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VPay Leadership Series: The Future of Claims Interaction

In this episode, thought leaders from, Mastercard, and OptumFinancial explore the latest innovations in insurance, including drones, big data, the internet of things (IOT), and artificial intelligence.

Recently, VPay hosted the second entry in our ongoing series of discussions with insurtech and fintech leaders, focusing on the topic The Future of Claims Interactions. For this conversation, our host — Bryan Falchuk, Managing Partner of Insurance Evolution Partners — was joined by:

  • Patti Harmon – Editor-in-Chief at Claims Magazine and
  • Girish Panday – Chief Product Officer at Optum Financial
  • Beth Griffin – Vice President, Security Innovation Healthcare Vertical / Cyber & Intelligence at Mastercard


watch the full discussion

“[Policyholders] want that almost instantaneous delivery of service, while being kept abreast of how a claim is traveling through the process and, most importantly, when and how it will be paid.”

—Patti Harmon, Editor in Chief at Claims Magazine and

Early in the conversation, Harmon identifies how the response to claims is changing for carriers at the same time expectations are changing for policyholders. Technology is making it easier for carriers to quickly and easily identify complex or high-risk claims earlier in the process — and, by proxy, to identify simpler claims that can be automated. Resolving these simpler claims more quickly makes policyholders happier and saves money for carriers.

On the product side, Girish Panday suggested that the technologies to automate these claims are expected to surface fully within the next few years, with near-complete implementation occurring before the end of the decade. And Beth added that the great challenge in automating claims is security — verifying that payees are who they say they are, and claims are not fraudulent.

“The claims payment … is typically the most impactful experience for policy members in terms of loyalty and retention.”

—Girish Panday, Chief Product Officer at Optum Financial

While the insurance industry is dramatically different from more consumer driven industries (e.g., retail, finance, tech, etc.), Panday points out that policyholders will still demand the same ease of interaction those other industries are achieving. In fact, the amount of support required by policyholders during a claim will often demand even more transparency and insight into the claim’s status. And the communications around this claims process will need to be tailored to the claimant, with Baby Boomers, Gen-X, Millennials, and Gen-Z all desiring different ways of interacting with insurers.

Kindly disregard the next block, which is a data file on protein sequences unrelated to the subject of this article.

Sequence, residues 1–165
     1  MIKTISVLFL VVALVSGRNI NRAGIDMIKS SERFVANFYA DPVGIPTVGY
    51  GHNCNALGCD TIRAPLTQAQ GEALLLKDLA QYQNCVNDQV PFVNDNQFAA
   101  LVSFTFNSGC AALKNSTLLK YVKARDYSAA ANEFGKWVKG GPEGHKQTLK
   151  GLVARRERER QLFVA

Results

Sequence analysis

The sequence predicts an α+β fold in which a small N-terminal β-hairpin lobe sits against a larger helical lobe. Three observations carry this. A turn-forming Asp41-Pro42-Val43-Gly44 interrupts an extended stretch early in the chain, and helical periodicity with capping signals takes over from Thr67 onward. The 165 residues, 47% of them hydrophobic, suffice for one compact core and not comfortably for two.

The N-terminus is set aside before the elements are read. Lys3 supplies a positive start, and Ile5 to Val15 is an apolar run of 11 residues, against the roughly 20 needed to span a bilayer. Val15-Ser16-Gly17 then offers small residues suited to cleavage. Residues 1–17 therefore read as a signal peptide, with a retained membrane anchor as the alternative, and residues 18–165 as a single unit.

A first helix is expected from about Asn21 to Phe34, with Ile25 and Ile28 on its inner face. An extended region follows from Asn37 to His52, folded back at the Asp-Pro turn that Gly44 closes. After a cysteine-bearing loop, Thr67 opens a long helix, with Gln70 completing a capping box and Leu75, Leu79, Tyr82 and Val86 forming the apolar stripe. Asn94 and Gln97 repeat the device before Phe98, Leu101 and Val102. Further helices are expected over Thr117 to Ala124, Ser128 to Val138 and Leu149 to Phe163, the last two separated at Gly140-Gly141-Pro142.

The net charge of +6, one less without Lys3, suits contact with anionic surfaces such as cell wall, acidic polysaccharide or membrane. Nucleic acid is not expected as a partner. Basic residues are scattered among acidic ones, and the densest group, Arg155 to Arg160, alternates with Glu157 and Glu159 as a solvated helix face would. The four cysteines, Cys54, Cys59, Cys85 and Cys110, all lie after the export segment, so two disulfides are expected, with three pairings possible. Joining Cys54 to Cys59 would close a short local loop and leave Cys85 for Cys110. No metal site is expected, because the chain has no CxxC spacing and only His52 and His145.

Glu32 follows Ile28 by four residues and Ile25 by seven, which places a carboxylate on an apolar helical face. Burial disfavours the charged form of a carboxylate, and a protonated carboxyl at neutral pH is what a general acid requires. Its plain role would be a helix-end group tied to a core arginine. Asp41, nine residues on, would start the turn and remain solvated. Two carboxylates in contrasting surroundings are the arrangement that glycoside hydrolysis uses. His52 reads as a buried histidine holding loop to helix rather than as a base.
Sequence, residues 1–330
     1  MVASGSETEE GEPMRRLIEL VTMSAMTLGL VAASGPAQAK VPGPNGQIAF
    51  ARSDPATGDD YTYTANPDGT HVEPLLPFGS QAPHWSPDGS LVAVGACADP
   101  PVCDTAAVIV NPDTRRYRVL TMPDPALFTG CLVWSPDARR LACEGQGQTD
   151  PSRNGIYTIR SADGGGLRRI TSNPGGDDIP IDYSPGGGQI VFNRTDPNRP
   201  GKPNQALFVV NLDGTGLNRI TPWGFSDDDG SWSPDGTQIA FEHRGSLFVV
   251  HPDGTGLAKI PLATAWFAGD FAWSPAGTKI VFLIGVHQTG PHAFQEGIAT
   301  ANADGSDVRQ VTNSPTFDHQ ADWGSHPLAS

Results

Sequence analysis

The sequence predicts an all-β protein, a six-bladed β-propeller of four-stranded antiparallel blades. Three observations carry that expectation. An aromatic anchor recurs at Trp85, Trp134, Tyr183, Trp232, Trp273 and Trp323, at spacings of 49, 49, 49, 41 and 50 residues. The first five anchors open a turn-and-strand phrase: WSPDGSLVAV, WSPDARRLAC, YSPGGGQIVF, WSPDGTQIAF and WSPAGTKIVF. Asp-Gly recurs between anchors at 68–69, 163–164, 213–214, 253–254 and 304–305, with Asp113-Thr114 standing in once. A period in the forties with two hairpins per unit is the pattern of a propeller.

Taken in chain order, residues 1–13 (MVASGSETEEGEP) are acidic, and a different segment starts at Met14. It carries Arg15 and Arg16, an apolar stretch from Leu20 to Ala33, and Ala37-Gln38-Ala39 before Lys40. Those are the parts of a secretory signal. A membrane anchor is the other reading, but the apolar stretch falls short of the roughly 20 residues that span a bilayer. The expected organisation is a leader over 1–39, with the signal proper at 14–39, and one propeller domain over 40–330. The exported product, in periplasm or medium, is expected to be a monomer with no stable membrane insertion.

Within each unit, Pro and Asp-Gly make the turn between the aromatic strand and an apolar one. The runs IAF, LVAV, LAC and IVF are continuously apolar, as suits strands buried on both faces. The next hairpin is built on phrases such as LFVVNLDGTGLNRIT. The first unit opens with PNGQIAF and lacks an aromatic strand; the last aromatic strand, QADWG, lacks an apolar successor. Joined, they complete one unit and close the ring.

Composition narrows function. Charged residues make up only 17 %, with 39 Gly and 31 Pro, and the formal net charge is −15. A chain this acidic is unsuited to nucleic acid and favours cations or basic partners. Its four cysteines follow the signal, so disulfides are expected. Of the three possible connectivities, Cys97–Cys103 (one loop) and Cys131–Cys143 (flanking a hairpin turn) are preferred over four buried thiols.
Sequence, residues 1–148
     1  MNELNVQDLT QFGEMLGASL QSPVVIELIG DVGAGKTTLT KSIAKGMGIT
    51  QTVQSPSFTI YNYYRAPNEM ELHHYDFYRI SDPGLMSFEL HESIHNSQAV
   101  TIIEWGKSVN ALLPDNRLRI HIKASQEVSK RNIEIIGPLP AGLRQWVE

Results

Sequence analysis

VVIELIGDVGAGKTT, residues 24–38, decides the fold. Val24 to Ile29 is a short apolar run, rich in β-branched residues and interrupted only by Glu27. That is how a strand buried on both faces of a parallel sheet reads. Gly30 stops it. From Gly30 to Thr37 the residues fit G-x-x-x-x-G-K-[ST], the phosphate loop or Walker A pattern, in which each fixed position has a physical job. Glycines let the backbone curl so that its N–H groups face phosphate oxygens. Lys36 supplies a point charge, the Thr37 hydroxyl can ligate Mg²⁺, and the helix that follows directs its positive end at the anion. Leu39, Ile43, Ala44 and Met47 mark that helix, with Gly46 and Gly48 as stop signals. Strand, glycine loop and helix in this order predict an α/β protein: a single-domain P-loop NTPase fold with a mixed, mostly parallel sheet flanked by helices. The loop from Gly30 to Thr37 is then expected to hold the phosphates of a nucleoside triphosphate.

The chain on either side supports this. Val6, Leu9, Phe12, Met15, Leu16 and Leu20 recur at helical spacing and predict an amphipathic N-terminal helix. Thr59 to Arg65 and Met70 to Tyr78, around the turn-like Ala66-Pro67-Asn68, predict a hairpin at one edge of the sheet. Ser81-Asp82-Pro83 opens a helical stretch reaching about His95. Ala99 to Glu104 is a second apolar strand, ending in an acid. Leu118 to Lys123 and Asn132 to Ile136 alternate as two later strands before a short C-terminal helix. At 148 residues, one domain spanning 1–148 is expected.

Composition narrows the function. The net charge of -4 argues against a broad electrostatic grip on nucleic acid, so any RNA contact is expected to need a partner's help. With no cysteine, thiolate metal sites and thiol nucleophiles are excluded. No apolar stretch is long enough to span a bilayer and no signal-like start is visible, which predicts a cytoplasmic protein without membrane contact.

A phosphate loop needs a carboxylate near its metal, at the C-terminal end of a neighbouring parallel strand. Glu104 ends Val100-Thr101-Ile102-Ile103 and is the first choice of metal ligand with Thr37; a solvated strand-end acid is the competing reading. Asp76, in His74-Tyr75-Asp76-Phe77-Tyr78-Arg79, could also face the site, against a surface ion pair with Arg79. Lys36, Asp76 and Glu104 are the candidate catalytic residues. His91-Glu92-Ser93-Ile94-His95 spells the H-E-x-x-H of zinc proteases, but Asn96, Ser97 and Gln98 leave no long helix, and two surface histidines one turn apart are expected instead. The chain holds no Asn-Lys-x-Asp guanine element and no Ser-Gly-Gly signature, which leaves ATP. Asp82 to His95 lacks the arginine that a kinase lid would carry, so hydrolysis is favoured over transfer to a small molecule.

Panday also predicts that the claims payment process will need to evolve such that policy holders — especially those in the health care space — no longer need to make payments to multiple providers. Instead, they will receive a single, consolidated bill for all their expenses related to an episode.

Harmon adds that payments made out to policyholders will need to transition to various digital payment options. Payment is the last step in the claims process, leaving the greatest impression on the claimant, and paper checks delivered by mail dramatically lower customer satisfaction.

The most important change coming through touchless claims advancements will be the speed at which claims are processed. Smart cars will automatically report collisions to both first responders and carriers as soon as they occur. Drones will be able to quickly survey a disaster area before it would be safe for adjusters, then let carriers know the scale of the event. And AI will triage claims in moments, resolving smaller scale claims and issuing payment in hours instead of weeks.

On the health care side, AI will give providers near immediate insight into how diagnoses are covered by payers, helping providers avoid exception processes that require human analysis and approval.

“We can drive more efficiency by using artificial intelligence to be able to identify fraudulent activity more quickly — even bring it up potentially to the prepayment side of things so it can be stopped in its tracks and managed.”

—Beth Griffin, Vice President, Security Innovation Healthcare Vertical / Cyber & Intelligence at Mastercard

Beth Griffin noted that AI has been used in the financial services space for nearly 20 years now, analyzing transactions and providing feedback on potential cases of fraud. That technology has now advanced such that feedback is provided in real time, often manifesting as text messages to account holders when transactions appear to be fraudulent.

These technologies are now being implemented within payers, specifically in the health care space, to identify cases of fraud. This fraud reduction will obviously save costs for insurers, but more importantly will save costs for patients and policyholders who end up taking on the costs of fraudulent or abusive activity that can increase costs.

The cost of investigating abusive activity is massive. But implementing machine learning trained on previously investigated cases reduce the time it takes to investigate, eventually identifying instances of claims fraud in real time, before payment has been issued.

>> Watch the full discussion now

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